With a year to go until the next provincial election, less than half of voters know what matters most to the three main party leaders, a public-opinion survey suggests.
Ontarians are better versed on Liberal Premier Kathleen Wynne's policies compared to her counterparts on the opposition benches, according to a Forum Research poll provided to QP Briefing Tuesday.
Of the 1,003 Ontarians surveyed, 41 per cent said they could explain Wynne’s policies to a friend with confidence – although nearly as many, 40 per cent, said that would be no easy feat.
Respondents were even less familiar with the policies of Progressive Conservative Leader Patrick Brown and NDP Leader Andrea Horwath.
Only 30 per cent believed they could hold forth on Brown’s policies, with another 44 per cent less certain. Just as many, 44 per cent, aren’t able to speak to Horwath’s platform, which is familiar to only 28 per cent of Ontarians, the poll said.
That could provide Wynne a much-needed edge ahead of the general election, scheduled for June 7, 2018, said Lorne Bozinoff, president of Forum Research.
"She's the Premier, so of course she's better known than the other two; being in opposition, it's hard to get your message out there," Bozinoff said. "That gives an opportunity to Kathleen Wynne to define the other leaders' position and take advantage of that fact ... I think, especially with Patrick Brown, she’s got a possibility of doing that."
Brown and the PCs have led a stream of opinion surveys in recent months, a trend that doesn’t seem hampered by the fact the Tory leader has yet to unveil key policy planks – something he’s promised to do after the party’s convention in November.
Until then, Brown will likely continue to take flak from the other parties, which have branded him "the man with no plan." He remains elusive even within his own camp – not quite half, 47 per cent, of those with an understanding of his policies plan to cast their ballots for the PCs, the poll found.
The findings "suggest the Tory strength may not be that deep," Bozinoff said.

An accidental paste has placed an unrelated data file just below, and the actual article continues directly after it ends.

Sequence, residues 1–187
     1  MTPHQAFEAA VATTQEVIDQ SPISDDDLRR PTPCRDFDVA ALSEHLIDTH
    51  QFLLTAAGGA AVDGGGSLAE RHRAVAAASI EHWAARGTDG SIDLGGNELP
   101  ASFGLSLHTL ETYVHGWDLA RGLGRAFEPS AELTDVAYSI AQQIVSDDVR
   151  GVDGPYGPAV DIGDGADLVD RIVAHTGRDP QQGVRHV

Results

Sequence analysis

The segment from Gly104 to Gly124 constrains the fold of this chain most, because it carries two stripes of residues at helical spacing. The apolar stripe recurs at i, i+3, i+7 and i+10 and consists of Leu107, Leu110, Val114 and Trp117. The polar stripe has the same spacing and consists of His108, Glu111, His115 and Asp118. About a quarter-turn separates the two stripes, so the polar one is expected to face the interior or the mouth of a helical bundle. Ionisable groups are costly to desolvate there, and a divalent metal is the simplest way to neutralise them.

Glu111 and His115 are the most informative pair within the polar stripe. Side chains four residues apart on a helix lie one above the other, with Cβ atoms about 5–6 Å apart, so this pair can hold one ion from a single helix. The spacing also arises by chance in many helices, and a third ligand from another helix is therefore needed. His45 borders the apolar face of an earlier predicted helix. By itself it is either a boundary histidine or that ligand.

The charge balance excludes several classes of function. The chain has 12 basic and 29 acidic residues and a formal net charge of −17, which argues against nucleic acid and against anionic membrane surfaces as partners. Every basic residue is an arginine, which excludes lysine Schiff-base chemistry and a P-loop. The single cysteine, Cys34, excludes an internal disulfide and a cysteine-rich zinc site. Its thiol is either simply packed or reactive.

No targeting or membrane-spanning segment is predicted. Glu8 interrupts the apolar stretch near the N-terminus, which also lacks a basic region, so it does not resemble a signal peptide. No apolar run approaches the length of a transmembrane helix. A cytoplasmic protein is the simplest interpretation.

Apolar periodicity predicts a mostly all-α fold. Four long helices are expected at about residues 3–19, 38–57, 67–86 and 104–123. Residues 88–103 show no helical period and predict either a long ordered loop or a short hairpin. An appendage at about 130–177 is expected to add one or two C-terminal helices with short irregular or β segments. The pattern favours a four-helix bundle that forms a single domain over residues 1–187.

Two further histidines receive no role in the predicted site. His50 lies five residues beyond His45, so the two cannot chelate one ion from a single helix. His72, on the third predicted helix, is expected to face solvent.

"Is it that they're supporting the Tories, or are they just opposed to the Liberals," he said. "It might be the Liberals have fumbled the ball, and the Tories are there and they've picked it up."
The poll may also be received coldly by Horwath, who consistently beats out the other leaders when it comes to personal popularity, but is relatively unknown to the electorate, in policy and name (ditto Brown). The veteran politician will have led the provincial NDP for nine years by the time voters go to polls next spring; yet, she remains as mysterious as Brown, who won the Tory leadership about two years ago.
Bozinoff chalked up Horwath's obscurity to "huge confusion" surrounding tandem Grit and NDP policies, with the caveat that the leader of the third party typically garners less attention. Horwath has previously accused the Grits of taking ideas from the NDP’s arsenal, pointing to a $15-an-hour minimum wage and pharmacare, which both parties unveiled within days of each other.
"Right now, I don't think there's a huge amount of difference on a lot of policy, especially in the last couple of months, that the Liberals have come out with compared to the New Democrats. You have to be a policy expert to go into the minutiae to look at the differences," Bozinoff said.
There are notable differences between the two pharmacare brands: the Liberals' OHIP+ will cover prescription medication for everyone under the age of 25, while the NDP are offering all Ontarians coverage for 125 commonly-prescribed drugs.
Forum churned out another poll Tuesday morning, reported on by the Toronto Sun, that shows the Liberals lag far behind the Tories and slightly trail the New Democrats. That’s despite yet another poll showing most support the Grits’ proposed labour law reforms, among the latest in a slew of progressive policy goodies announced with much fanfare, including hydro and housing affordability packages.
Speaking to reporters at Amazon Canada’s headquarters in Toronto Tuesday morning, Wynne insisted the gloomy poll numbers were not a metric for the popularity of her policies.
“Those are all things that are designed not to increase my personal popularity, but designed to help people in their lives,” the Premier said after an unrelated announcement. “Whether that has an impact on one poll or even a number of polls is actually beside the point.”
Forum’s poll was conducted over the phone from June 12 to June 14, and is considered accurate within three percentage points, 19 times out of 20.6ddadb3a-5e22-4bc4-acc4-a09aa10dd709Ontario Leaders by knowledge of what they stand for
With files from Christopher Reynolds
This story has been updated from its original version.
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